It's a name you probably already know well, as an editorial house with vast resources for designers, creators, and filmmakers.
But Shutterstock is more than that. This year at The Sundance Film Festival, it's serving as the official house photographer and portrait studio partner of the festival. If you were on the ground at the fest, you might have run into the 50 photographers, videographers, editors, and production staff onsite.
Shutterstock also brought a short documentary to the festival, which screened at its chalet activation. The doc is called Surfing Through the Odds and features young African women, the first Black female surfers to be featured in a photo and video collection.
To learn more about how Shutterstock is supporting indie film and opportunities for creators, No Film School spoke with members of the Shutterstock team, including Adam Barnett, Senior Director of Production for Shutterstock Studios, EMEA, and APAC, and Aiden Darné, VP of Shutterstock Studios.
'Surfing Through the Odds'
Surfing Through the Odds at the Shutterstock Chalet
Courtesy of Shutterstock
Barnett spoke to how the partnership for Surfing Through the Odds came about.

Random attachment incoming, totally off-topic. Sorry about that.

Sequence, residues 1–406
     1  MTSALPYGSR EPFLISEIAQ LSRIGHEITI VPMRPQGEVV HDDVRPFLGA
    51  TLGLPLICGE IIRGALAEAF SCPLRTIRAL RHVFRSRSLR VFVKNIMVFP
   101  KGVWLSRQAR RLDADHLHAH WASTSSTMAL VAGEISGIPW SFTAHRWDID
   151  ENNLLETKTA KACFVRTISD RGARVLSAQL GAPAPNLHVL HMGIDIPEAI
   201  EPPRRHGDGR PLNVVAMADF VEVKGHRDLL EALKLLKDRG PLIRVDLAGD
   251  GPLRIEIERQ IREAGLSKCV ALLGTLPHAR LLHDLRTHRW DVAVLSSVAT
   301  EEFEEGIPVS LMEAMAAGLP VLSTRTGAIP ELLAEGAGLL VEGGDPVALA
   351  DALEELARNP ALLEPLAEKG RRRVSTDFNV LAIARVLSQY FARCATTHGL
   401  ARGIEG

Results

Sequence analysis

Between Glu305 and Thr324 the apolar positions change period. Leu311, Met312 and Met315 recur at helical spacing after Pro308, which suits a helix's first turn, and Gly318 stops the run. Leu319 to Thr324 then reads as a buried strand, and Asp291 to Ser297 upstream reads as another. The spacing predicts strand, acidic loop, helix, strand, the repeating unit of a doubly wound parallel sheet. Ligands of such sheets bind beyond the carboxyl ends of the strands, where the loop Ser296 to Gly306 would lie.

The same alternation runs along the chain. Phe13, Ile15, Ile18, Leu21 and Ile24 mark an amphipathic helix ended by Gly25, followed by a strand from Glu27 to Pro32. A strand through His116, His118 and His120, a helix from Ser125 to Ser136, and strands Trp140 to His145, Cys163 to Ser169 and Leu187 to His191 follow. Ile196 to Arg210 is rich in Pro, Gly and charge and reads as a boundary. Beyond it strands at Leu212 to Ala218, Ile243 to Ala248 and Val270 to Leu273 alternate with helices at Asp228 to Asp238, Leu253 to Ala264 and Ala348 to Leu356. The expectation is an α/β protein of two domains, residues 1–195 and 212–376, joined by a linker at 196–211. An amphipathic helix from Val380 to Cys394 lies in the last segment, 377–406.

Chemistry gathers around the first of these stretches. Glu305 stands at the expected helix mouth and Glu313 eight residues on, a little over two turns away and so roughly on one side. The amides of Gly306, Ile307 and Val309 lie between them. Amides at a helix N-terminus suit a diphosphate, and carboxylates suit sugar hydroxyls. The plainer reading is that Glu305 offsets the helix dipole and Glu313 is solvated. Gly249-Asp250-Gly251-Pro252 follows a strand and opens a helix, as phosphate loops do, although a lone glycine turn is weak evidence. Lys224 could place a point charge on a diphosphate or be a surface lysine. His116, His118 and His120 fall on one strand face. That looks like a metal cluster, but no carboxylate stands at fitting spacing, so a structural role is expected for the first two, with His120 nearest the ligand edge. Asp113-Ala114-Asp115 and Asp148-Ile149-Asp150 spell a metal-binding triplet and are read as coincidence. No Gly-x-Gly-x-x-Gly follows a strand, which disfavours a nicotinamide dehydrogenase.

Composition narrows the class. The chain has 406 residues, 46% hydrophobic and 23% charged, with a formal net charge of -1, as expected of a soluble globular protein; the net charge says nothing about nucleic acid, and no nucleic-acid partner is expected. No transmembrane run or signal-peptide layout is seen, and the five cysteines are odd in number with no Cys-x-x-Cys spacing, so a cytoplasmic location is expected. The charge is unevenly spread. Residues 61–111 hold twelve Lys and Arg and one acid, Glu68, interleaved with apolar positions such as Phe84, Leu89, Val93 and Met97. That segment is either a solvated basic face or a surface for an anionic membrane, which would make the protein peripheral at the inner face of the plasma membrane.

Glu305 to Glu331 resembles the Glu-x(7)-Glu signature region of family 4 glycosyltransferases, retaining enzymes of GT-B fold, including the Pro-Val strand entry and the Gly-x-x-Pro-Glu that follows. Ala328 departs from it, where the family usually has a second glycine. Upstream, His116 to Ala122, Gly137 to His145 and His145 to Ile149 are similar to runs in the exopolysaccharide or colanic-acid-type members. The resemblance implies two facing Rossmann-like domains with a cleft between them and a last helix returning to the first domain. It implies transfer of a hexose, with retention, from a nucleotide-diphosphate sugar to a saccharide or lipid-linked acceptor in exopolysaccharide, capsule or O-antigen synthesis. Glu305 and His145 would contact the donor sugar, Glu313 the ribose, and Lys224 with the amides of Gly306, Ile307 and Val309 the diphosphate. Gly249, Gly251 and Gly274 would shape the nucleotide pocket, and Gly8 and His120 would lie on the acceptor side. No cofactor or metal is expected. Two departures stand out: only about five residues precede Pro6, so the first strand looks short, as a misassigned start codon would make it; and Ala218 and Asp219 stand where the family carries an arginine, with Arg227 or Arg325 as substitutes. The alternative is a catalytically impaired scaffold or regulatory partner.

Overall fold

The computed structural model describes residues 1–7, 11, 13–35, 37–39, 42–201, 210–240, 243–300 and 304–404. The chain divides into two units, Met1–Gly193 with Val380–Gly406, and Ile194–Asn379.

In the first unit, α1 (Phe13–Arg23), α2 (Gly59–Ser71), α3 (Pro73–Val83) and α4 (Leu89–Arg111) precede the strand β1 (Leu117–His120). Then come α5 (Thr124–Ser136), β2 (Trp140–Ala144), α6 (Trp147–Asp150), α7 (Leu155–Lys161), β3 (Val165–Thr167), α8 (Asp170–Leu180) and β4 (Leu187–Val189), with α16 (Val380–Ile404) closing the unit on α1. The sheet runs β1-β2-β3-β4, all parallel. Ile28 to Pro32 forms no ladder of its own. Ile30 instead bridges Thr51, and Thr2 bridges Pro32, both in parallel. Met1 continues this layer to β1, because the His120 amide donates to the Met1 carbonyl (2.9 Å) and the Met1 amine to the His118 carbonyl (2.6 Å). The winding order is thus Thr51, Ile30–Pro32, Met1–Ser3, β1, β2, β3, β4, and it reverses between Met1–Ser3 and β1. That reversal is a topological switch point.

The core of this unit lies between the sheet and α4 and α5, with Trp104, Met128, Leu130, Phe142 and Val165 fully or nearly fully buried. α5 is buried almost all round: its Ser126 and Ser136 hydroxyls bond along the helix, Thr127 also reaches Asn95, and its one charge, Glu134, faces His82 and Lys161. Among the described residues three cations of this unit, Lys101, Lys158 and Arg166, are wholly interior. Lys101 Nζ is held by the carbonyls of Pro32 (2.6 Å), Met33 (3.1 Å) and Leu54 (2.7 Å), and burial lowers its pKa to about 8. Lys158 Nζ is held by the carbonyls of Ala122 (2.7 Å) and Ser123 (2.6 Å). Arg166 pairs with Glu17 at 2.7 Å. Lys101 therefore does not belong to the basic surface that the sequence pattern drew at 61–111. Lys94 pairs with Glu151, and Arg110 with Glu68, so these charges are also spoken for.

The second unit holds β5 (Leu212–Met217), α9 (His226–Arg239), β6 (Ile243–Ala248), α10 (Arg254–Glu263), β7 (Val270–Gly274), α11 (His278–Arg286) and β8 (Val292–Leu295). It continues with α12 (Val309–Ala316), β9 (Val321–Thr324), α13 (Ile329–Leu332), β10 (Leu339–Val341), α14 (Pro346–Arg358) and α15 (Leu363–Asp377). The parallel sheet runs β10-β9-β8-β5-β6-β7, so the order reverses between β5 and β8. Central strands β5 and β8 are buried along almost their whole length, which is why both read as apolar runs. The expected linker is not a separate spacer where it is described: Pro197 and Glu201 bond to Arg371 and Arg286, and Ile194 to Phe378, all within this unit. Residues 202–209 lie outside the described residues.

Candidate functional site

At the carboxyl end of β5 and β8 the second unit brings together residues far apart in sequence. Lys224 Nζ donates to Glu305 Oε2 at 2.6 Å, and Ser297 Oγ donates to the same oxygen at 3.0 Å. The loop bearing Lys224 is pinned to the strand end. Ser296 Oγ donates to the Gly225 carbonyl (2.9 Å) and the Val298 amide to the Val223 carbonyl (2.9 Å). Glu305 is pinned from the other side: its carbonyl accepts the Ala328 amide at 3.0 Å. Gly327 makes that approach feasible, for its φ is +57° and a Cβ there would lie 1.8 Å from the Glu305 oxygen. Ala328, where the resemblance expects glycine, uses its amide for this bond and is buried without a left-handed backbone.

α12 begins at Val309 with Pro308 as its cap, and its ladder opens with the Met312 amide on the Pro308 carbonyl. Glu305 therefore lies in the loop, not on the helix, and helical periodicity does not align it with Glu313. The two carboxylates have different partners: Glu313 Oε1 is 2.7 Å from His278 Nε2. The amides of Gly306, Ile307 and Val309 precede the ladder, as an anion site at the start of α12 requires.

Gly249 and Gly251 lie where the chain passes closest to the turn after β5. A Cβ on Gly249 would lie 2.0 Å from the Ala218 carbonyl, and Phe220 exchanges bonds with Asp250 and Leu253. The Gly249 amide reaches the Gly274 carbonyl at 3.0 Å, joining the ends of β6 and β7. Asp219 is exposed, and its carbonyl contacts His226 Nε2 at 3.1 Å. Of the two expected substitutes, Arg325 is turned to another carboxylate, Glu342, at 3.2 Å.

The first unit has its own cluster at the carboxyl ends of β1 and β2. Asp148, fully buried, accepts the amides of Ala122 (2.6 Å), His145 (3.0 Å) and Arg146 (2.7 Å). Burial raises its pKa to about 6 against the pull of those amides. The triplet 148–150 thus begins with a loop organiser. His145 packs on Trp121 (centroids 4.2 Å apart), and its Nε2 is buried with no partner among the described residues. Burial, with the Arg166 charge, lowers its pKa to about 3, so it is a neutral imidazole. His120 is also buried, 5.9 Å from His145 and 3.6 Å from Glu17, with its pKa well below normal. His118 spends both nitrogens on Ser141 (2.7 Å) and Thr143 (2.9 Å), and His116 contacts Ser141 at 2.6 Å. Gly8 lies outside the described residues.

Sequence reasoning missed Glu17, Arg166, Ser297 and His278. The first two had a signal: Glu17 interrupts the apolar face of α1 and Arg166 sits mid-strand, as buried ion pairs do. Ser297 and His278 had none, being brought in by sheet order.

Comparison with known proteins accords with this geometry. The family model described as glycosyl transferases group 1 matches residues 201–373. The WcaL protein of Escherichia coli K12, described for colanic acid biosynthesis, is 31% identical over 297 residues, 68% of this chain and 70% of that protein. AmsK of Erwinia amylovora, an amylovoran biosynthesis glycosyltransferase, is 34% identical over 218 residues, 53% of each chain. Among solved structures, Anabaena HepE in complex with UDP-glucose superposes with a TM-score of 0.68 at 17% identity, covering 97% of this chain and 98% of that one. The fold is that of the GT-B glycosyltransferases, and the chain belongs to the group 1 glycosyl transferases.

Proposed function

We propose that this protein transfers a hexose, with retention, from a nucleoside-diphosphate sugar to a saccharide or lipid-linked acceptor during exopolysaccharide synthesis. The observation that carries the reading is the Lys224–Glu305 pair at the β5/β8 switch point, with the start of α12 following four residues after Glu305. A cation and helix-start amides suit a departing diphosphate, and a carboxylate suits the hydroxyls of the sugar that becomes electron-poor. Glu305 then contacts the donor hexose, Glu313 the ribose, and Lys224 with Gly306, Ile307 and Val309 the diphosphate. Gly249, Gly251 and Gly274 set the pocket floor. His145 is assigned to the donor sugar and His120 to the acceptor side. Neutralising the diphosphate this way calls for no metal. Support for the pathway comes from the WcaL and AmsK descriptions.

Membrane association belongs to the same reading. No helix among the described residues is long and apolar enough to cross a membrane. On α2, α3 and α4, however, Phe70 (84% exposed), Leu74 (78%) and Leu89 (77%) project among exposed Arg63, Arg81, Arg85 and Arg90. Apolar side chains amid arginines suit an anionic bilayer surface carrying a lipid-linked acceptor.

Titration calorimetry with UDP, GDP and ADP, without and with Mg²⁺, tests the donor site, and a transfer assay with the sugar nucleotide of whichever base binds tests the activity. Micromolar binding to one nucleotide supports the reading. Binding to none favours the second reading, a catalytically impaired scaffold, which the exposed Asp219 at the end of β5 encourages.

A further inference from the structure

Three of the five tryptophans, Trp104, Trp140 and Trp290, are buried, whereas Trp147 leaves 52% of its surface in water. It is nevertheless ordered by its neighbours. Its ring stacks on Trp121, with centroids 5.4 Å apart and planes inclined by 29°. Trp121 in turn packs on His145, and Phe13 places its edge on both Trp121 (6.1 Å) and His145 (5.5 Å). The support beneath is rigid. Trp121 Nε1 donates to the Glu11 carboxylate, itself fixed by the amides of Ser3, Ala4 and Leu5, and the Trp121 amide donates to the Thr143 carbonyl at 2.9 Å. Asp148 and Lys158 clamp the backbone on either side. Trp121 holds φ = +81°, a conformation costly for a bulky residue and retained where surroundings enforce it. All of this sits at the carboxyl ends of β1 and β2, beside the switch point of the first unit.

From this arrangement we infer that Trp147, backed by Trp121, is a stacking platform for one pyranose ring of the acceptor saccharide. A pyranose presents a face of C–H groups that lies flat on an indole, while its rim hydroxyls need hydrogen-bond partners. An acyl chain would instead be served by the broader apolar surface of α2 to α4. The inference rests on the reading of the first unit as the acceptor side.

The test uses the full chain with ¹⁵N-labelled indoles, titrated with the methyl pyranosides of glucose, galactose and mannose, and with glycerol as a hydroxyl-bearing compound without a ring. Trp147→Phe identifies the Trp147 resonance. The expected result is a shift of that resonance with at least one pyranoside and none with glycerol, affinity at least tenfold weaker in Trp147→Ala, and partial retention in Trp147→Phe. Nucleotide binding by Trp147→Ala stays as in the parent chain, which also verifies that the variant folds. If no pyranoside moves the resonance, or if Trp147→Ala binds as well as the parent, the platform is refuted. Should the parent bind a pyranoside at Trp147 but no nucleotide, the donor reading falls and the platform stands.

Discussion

"It started off with a client working with the NGO, Soma, and trying to find content of Black girls surfing, and through various different stock platforms, could not find any good images," Barnett said. "So huge content gap, and Shutterstock Studios then became a very unique partner in two ways. One, the ability to help tell a story of SOMA in São Tomé, [a] tiny little island just off the coast of Africa. But secondly, we were looking at a way of creating not just awareness through the documentary, but more of a sustainable shelf life for SOMA as an NGO. And one of the ways of doing that was making them the contributing partner, creating a massive suite of assets that we could take when we were out shooting the documentary, and putting them on our platform for the world to be able to license.
"And the benefit of that is that every image licensed, portions of the money generated goes to the contributor, who are SOMA. So they get rewarded... hopefully, the more sustainable they become, and revenue they generate to keep it growing and keep building what they've been doing on the good work out in São Tomé."
Darné mentioned that this is not the first partnership Shutterstock has put together. They also created a six-part series for Carvana around a racing car driver, Jimmie Johnson, which was on NBC Sports.
"So we were kind of traditional global production studio that sits within Shutterstock," Darné said.
Shutterstock's Opportunities for Filmmakers
Main Street, Park City
Courtesy of Sundance Institute